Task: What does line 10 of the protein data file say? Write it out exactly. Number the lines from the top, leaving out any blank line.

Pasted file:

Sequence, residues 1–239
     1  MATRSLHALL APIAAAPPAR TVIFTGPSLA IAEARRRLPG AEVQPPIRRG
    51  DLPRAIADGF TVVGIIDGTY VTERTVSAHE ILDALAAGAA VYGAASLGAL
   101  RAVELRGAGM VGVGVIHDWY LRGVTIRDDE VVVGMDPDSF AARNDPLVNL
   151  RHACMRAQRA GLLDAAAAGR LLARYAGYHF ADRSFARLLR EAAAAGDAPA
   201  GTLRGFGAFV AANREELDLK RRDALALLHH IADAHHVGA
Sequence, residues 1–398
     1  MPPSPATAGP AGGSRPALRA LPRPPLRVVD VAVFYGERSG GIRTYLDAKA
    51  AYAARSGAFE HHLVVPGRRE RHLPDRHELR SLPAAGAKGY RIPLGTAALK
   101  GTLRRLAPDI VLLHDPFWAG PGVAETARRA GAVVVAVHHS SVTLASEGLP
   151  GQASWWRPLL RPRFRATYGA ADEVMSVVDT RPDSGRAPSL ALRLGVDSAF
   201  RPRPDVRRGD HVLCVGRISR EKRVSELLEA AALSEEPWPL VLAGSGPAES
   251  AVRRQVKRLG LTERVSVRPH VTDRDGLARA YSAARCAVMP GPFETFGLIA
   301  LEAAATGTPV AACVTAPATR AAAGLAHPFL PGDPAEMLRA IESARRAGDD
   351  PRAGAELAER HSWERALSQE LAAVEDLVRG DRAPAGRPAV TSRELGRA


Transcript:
   101  GTLRRLAPDI VLLHDPFWAG PGVAETARRA GAVVVAVHHS SVTLASEGLP